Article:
Thursday, October 22, 2015

Mini-Stenosaurus Update

Exciting announcement is still under wraps (hopefully coming very soon!), but in the mean time, have some pictures of the Stenosaurus assembled PCB:
Josh came into NYC last weekend for a whirlwind trip, and I was able to spend about an hour with him in a Brooklyn cafe playing with the PCB and talking about the current timeline for the project. He's said previously that he'll eat his hat if the campaign doesn't launch in 2015, and he confirmed that he'll be sticking to that promise. (He had his hat with him in the cafe. I must say it didn't look very appetizing.) The designer he's collaborating with is still finalizing the plan for the bamboo-aluminum case and keytoppers, and Josh hasn't yet had a chance to test the PCB and make sure that it's working as it should, but he says both of those things should be happening quite soon. Even without the keytoppers, I was able to get a good feel for the action of the switches. Their actuation point is nice and light, and they're deep enough to give satisfying haptic feedback with each press (unlike the very shallow Stenoboard keys, which sometimes require you to pound a bit to make sure you've actuated them). I found them very comfortable; much more so than any NKRO qwerty keyboard I've tried, though still of course not at the level of the ridiculously expensive lever-based optical professional steno systems. But considering that the price is still expected to be around $300, that's pretty dang impressive. I'm very excited. We've just gotta wait for the testing on Josh's end (fingers crossed everything works and nothing needs to be redesigned!), the finalization of the case design, and the pricing out of manufacturing and assembly costs. Stay tuned for more as it develops!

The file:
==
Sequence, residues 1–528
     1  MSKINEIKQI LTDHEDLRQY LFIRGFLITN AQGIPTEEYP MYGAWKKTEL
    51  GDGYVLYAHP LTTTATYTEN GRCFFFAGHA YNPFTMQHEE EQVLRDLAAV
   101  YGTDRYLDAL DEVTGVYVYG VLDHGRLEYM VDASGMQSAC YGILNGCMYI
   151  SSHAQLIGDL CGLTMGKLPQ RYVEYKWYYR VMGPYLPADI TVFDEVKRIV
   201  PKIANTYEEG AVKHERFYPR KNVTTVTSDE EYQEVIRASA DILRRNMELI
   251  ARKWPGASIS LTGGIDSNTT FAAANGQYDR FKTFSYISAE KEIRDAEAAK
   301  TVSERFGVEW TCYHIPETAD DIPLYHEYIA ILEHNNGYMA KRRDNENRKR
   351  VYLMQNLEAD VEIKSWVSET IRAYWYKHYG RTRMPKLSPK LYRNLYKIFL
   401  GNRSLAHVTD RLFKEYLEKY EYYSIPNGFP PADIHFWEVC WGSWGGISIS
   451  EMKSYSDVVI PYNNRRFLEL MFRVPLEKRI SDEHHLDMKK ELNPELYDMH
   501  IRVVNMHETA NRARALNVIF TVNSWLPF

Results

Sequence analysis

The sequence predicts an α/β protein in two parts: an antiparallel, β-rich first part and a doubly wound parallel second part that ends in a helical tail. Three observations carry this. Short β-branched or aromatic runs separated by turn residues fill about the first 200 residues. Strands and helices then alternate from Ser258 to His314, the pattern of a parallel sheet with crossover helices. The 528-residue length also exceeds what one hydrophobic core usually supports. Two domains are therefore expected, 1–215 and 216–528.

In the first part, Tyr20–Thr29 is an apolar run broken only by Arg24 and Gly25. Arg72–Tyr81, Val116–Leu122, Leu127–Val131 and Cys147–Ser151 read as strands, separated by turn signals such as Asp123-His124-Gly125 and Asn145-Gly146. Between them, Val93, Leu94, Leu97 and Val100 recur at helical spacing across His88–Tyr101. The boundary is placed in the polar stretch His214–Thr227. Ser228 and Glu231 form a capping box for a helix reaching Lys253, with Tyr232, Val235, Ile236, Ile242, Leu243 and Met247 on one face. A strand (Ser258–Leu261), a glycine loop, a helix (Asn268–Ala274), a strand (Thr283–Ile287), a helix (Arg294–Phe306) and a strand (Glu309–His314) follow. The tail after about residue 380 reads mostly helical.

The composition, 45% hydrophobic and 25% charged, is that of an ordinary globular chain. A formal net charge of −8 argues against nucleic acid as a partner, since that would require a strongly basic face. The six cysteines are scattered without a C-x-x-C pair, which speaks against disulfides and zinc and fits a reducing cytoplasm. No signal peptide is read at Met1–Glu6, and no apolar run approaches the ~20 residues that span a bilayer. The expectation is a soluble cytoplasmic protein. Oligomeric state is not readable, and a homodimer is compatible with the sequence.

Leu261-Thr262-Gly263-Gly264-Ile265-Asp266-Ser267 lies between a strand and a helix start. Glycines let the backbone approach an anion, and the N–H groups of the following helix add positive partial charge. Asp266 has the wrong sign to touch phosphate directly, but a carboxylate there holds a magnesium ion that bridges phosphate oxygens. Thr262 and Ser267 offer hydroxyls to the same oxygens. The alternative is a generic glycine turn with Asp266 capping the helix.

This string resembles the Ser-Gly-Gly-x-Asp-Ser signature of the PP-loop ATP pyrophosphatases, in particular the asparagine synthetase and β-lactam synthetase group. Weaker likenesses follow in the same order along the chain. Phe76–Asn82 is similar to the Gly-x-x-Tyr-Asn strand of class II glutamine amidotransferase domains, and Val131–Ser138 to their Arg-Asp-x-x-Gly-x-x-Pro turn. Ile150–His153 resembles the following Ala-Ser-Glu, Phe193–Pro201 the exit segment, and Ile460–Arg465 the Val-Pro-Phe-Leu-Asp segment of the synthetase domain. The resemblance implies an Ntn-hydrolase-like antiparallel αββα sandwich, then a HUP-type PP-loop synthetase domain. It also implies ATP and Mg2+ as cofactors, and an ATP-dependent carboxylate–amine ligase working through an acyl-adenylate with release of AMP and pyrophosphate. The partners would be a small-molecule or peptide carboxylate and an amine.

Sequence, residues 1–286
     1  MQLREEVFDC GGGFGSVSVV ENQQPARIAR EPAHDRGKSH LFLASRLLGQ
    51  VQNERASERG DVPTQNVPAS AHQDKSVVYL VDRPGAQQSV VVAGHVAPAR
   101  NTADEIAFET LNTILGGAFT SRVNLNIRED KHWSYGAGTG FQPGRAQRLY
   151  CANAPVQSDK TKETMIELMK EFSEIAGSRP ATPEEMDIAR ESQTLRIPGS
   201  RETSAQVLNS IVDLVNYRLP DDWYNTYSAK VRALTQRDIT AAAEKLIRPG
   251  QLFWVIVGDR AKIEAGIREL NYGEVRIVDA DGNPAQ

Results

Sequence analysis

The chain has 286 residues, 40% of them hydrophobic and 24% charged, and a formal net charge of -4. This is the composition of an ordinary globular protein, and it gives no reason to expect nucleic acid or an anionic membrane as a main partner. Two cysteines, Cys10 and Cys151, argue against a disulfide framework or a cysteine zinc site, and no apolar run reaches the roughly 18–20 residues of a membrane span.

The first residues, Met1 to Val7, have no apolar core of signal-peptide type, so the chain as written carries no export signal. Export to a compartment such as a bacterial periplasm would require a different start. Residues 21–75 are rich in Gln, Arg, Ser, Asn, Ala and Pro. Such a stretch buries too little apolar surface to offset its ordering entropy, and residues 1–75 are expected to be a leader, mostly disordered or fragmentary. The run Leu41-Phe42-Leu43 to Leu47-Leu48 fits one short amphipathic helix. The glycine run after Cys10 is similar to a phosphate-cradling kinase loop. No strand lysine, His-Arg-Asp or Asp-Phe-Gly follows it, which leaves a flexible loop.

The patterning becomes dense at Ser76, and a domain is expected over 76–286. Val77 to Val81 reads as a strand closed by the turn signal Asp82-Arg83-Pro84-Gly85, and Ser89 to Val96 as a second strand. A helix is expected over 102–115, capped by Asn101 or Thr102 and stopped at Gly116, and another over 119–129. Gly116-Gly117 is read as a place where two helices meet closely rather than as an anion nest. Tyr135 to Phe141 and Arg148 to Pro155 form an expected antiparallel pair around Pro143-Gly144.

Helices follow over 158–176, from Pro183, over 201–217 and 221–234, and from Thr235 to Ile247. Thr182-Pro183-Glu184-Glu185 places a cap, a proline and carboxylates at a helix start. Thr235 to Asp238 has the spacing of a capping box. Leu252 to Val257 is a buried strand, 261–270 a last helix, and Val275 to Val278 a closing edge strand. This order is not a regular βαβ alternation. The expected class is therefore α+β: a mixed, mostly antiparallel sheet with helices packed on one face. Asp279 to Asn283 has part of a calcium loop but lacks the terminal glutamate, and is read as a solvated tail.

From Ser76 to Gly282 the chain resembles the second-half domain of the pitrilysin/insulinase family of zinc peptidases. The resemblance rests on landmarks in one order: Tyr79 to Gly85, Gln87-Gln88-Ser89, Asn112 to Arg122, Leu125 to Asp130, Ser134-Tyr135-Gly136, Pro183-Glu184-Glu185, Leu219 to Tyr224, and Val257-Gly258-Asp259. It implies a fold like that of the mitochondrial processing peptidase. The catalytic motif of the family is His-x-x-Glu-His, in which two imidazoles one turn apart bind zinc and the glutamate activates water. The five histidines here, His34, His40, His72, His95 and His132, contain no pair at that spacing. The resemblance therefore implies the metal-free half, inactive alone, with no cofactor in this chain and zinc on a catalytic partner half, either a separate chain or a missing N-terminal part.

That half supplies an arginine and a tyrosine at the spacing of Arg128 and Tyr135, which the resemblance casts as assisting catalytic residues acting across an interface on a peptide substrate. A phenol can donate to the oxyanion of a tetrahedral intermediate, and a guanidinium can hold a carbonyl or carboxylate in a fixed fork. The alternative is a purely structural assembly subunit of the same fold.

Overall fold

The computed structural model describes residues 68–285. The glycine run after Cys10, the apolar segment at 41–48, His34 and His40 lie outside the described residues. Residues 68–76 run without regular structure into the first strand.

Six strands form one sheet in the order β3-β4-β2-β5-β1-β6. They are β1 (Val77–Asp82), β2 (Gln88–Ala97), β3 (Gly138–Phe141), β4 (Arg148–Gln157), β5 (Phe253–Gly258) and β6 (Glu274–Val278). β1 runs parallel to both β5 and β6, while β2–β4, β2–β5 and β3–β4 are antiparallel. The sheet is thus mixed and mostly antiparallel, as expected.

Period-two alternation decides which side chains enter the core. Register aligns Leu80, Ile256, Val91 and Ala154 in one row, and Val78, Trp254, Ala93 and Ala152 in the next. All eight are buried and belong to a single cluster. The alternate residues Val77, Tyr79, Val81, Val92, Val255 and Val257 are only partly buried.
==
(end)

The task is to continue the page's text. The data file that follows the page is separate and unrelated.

18 comments:

Mark Ifi said...

it's still too expensive for someone who's just curious about this, and don't have professional aspirations. 300 usd. since the ipad launched in 2010, 300 dollars is sort of the default price for all electronics.

Mirabai Knight said...

Yeah, I agree. It's not necessarily the thing you want to start out on, though it's a great intermediate option for people who know they want to stick with steno. There are $100 NKRO keyboards out there, but I really wish there was still a $45 option like there was when Plover got started. Argh, why did Microsoft have to stop manufacturing the Sidewinder X4?!

Charles Shattuck said...

To me the most interesting thing about Stenosaurus is that it translates on board and acts as a standard USB keyboard. I'm hoping that eventually there will be a module like that that takes input from a standard steno keyboard, say TX Bolt protocol, and outputs as a standard USB keyboard. It would be nice to maintain your dictionary on a module that you can carry around and use on any computer without having to install anything on that computer, yet still be able to use the keyboard of your choice.